Brittany Giles-Cantrell: What lessons learned have you seen in this equity journey during the pandemic?  

Director Jacob: We have an Office of Health Equity at Metro Health and a defined equity action plan. We’ve used the science of our work to do a better job of targeting marginalized parts of our community feeling the burden of generations of inequities. Across communities, Black and Brown folks are seeing the disproportionate burden of COVID-19 as a result.  

It is about being more intentional with partnerships not just in the private sector, but with nonprofits and faithbased organizations. It requires us aligning our efforts, being very intentional in addressing the long standing and chronic burden, not just the acute episodes. It’s about making sure that we employ, adapt, and engage better ambassadors on the ground. We realized there was a better way to amplify our messaging especially in communities who have had different lived experiences over time. We really need to lean in even more as we go through this COVID-19 experience.  

Brittany Giles-Cantrell: How can business support local government in both managing COVID-19 and improving community health in the long-term?  

Mayor Nirenberg: First and most importantly, we need people at the table who will consider themselves partners in the process and demonstrate a level of trust. Business leaders are part of the process of creating policy that impacts themselves, their employees, and their customers.   

The second is to commit to doing your part. We have to have business leaders helping us see all impacts of policies and working with us to implement those mitigation efforts. For example, through the Greater. SAfer. Together Pledge, our business leaders came up with a list of best practices and encouraged businesses to commit to those best practices that adhere to public health principles related to COVID-19 mitigation.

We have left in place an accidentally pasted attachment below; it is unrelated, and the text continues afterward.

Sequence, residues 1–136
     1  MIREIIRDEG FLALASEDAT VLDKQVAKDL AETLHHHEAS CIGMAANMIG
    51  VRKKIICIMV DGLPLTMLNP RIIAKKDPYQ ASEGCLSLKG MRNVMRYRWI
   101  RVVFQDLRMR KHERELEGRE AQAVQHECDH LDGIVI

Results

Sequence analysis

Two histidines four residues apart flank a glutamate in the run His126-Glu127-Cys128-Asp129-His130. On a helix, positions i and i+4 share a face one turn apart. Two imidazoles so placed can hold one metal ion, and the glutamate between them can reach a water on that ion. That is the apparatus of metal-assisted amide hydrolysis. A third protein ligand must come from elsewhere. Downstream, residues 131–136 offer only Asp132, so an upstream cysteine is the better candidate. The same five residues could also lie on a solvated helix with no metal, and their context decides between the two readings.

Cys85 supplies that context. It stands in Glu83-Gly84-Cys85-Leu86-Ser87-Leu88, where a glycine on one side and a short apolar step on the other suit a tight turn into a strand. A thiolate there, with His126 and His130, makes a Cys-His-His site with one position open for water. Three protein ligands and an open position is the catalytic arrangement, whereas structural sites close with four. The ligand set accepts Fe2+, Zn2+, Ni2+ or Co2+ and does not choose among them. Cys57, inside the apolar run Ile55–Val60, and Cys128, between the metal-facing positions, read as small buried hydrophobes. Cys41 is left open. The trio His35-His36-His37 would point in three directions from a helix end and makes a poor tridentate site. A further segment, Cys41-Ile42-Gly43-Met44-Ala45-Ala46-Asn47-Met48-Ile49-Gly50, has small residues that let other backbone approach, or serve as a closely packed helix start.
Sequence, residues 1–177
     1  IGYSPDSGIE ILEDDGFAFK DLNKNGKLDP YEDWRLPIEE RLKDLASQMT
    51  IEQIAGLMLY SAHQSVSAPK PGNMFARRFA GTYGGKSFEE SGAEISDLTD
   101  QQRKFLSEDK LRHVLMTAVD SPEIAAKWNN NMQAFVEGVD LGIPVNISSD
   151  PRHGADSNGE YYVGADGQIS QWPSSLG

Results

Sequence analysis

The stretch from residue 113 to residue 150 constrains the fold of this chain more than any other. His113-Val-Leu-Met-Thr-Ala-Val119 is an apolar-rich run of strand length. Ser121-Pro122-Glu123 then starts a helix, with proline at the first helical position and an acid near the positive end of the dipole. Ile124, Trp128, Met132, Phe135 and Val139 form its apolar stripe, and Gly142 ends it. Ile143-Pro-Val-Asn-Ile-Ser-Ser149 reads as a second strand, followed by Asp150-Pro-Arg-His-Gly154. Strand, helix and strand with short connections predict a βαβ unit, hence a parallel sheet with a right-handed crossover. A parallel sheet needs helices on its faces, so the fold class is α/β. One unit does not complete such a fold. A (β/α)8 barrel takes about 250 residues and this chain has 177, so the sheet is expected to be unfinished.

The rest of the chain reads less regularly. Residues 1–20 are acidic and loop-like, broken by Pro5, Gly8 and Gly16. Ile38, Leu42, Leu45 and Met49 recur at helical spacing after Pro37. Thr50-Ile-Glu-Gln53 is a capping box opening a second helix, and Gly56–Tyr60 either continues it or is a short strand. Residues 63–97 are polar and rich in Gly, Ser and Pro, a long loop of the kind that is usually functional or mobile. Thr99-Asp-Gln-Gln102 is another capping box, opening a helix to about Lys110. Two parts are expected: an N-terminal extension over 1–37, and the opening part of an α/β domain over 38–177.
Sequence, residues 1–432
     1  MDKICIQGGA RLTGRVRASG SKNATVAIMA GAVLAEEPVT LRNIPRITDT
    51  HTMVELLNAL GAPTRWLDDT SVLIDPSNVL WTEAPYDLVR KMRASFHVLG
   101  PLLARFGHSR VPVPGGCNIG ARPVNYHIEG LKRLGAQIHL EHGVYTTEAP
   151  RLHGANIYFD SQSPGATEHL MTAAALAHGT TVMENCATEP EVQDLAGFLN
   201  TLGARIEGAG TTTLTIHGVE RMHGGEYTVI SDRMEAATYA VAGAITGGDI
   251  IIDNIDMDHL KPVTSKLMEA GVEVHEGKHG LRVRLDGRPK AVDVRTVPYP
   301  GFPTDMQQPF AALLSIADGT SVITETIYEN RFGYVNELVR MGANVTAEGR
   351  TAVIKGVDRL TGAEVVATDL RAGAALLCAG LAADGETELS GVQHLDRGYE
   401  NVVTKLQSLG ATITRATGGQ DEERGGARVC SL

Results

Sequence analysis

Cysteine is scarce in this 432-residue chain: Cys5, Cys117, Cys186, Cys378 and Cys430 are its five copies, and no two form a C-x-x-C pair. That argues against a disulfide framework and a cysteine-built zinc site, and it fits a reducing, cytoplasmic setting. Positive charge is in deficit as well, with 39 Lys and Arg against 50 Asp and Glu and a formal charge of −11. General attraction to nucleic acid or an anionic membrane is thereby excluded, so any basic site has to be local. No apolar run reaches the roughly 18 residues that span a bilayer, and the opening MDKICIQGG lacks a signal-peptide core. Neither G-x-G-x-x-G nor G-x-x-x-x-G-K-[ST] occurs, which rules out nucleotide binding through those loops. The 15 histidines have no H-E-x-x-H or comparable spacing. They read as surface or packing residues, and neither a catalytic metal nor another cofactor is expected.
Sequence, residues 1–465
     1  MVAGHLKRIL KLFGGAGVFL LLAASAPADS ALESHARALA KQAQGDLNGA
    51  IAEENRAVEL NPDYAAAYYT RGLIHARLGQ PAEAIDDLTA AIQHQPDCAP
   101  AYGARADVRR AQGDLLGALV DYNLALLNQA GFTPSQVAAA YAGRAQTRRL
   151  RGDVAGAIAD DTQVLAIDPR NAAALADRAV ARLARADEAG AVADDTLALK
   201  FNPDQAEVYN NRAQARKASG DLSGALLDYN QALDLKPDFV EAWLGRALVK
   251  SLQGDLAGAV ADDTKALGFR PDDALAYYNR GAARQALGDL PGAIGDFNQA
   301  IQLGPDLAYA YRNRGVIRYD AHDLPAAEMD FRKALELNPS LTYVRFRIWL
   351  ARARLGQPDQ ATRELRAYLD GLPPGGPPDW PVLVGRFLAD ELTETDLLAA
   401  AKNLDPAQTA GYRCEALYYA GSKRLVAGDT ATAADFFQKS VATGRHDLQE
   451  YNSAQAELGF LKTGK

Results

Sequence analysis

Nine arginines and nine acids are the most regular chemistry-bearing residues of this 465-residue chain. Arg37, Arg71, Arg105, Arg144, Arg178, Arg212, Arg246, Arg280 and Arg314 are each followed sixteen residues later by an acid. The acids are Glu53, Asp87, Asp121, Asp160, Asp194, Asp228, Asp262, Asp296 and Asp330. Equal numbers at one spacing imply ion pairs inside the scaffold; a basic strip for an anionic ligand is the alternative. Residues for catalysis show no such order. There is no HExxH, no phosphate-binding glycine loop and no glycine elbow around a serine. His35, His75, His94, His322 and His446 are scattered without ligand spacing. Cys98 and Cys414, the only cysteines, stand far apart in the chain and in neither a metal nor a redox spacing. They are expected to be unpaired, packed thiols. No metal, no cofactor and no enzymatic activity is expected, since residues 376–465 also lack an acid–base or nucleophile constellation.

Ultimately, [we must] recognize that these issues are rooted and exacerbated in historic inequities going forward, even postpandemic. We [must] incentivize good behaviors, health management, and wellness, which plays into people’s bottom line, and this will allow us to have a more robust and stronger economic recovery in the long run.   

What do cities need from business? from Meteorite on Vimeo.

Director Jacob: [The pandemic] has exposed cracks in our broader health system. We revisited our departmental strategic plan and have upgraded that to align with a national blueprint to modernize the U.S. public health system. Our local priorities have to do with mental health, food insecurity, violence, shoring up our technology and infrastructure and access to care, but really at the end of the day, it’s about making sure that we move the needle on urban initiatives.   

We will be engaging our broader business community so that we can adopt innovative practices as we implement this plan over the next few years. We are encouraging businesses to do their part to align our efforts, encourage their employees to get vaccinated, but also promote health and wellness, recognizing the behavioral health impact that this experience has had for the community. We are really trying to pivot in partnership and collaboration with the business community.   

Leveraging partnerships on the ground from Meteorite on Vimeo.